Indian wins temporary reprieve from execution in Indonesia
Jakarta/New Delhi, July 29 (IANS) Indian national Gurdip Singh on Friday won a temporary reprieve from execution by a firing squad in Indonesia for drug smuggling as he was not among the four prisoners executed by the authorities in that country.
Gurdip Singh was convicted along with 13 others and was due to be executed at the Nusa Kambangan prison island, known as Indonesia’s Alcatraz – in the early hours of Friday morning.
“Indian Ambassador in Indonesia has informed me that Gurdip Singh whose execution was fixed for last night, has not been executed,” Indian External Affairs Minister Sushma Swaraj tweeted on Friday.
India has urged for clemency for Singh and Indian embassy officials have been in touch with the Indonesian authorities to press his case.
Muhammad Rum, spokesman for Indonesia’s attorney general, told reporters outside the Nusa Kambangan prison that two Nigerians, one Senegalese and one Indonesian were executed at 12.45 a.m. on Friday in the midst of torrential rain.
Rum said that authorities have not decided when the 10 other prisoners will be executed by firing squad.
Petitions to review their cases have been denied. The remaining 10 have also not been taken from their isolation cells.
All the 14 prisoners had been told on Tuesday that they had just 72 hours to live.
Those executed on Friday were Indonesian Freddy Budiman and Nigerians Seck Osmane, Michael Titus and Humphrey Jefferson.
Relatives, rights groups and foreign governments have been urging Indonesia to spare the lives of the 14 convicts.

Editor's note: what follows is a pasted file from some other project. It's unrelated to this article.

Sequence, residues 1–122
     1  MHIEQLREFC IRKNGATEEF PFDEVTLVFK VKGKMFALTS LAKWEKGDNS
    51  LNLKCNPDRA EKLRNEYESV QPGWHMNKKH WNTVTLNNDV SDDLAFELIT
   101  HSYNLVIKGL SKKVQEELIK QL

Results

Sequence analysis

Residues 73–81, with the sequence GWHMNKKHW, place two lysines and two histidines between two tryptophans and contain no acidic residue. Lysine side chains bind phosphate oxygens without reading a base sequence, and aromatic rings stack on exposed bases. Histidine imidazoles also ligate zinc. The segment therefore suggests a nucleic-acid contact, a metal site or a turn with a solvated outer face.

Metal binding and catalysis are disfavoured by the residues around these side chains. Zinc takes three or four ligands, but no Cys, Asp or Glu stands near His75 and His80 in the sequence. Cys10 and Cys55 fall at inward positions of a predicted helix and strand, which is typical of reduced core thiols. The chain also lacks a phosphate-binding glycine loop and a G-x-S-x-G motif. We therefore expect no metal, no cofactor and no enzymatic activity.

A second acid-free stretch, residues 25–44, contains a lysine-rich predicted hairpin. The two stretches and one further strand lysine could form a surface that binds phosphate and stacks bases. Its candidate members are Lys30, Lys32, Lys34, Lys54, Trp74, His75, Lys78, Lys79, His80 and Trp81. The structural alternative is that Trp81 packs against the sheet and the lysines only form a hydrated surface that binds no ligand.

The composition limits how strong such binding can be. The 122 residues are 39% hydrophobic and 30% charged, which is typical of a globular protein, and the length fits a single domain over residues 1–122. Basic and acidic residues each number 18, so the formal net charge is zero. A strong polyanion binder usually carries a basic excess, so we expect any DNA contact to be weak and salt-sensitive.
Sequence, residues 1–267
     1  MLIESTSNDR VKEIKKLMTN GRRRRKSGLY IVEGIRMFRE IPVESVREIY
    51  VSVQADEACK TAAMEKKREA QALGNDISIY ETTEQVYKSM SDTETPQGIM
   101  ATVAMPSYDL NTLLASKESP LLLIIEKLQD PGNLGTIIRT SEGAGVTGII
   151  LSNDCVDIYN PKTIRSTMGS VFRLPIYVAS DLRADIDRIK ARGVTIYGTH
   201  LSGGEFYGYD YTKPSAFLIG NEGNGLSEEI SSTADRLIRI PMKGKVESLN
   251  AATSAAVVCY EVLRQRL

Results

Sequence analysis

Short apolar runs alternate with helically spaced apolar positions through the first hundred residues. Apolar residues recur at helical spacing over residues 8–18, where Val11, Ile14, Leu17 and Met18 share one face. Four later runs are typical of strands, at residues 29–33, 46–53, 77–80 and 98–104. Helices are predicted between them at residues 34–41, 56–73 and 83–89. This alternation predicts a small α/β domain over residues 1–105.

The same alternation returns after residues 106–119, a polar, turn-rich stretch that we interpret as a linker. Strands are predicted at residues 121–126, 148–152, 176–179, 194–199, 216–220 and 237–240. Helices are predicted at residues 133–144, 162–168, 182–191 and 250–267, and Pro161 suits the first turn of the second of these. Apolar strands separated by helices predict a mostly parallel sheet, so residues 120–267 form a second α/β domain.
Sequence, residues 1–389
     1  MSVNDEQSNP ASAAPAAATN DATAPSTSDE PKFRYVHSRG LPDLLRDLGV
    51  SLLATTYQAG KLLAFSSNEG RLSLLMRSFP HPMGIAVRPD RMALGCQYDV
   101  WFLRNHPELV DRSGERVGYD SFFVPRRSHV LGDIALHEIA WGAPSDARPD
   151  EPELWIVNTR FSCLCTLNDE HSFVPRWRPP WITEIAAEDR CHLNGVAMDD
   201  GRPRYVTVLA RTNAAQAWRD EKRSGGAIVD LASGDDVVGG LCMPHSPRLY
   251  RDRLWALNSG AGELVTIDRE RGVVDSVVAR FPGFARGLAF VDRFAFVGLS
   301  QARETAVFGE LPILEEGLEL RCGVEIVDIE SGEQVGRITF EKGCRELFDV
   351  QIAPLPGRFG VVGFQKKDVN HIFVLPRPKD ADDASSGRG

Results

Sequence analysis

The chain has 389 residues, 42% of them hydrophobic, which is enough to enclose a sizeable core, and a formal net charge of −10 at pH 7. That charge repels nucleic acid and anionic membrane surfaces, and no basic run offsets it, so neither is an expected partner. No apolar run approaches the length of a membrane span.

It is not clear why the execution of the other 10 prisoners did not proceed.
“Of course there are considerations for it,” was all Deputy Attorney General for Crimes, Noor Rachmad would say, theage.com reported.
He said those who had been executed had filed for judicial reviews twice and both were rejected.
On Friday, Attorney-General Muhammad Prasetyo offered his condolences to the families and countries of the four people executed.
“Prosecutors are only following the order of the law,” he said.
He said the 10 executions were postponed following a review involving the police, consular representatives, the Ministry of Foreign Affairs and others.
“The postponement was done after a comprehensive review … to avoid errors both judicial and non-judicial,” he said.
“The executions for the rest of those on death row will be determined later at an appropriate moment,” he was quoted as saying, according to the Sydney Morning Herald.
Human rights groups and lawyers have tried to persuade Indonesian President Joko Widodo to postpone the executions, claiming there was evidence of torture, corruption, bribery and miscarriage of justice.
A Pakistani national, Zulfiqar Ali, is also among the 10 whose execution did not take place.
He was also convicted of drug-related charges.
Maryam Nawaz, daughter of Pakistan Prime Minister Nawaz Sharif, said in a Tweet that a last-ditch attempt by her father to convince Indonesian authorities to halt Ali’s execution proved effective “despite [a] bleak chance of success”, Dawn reported.
Gurdip Singh was arrested on August 29, 2004, at the Soekarno Hatta Airport in Jakarta on charges of drug trafficking, for attempting to carry 300 grams of heroin.
The Tangerang Court awarded him capital punishment in February 2005 against the prosecutors’ request for 20 years imprisonment.
The United Nations High Commissioner for Human Rights Zeid Ra’ad Al Hussein on Wednesday called on Indonesia to promptly stop executions.
On Thursday morning 17 ambulances – 14 containing coffins – were ferried to Nusa Kambangan, where the prisoners will be strapped to wooden posts and shot dead by a firing squad.
Police leaked grisly details to the media about the logistics of executions, including the size of the coffins.
They said 198 executioners would be deployed, 140 guards, 70 equipment personnel and a 16-person sterilisation team, according to The Age.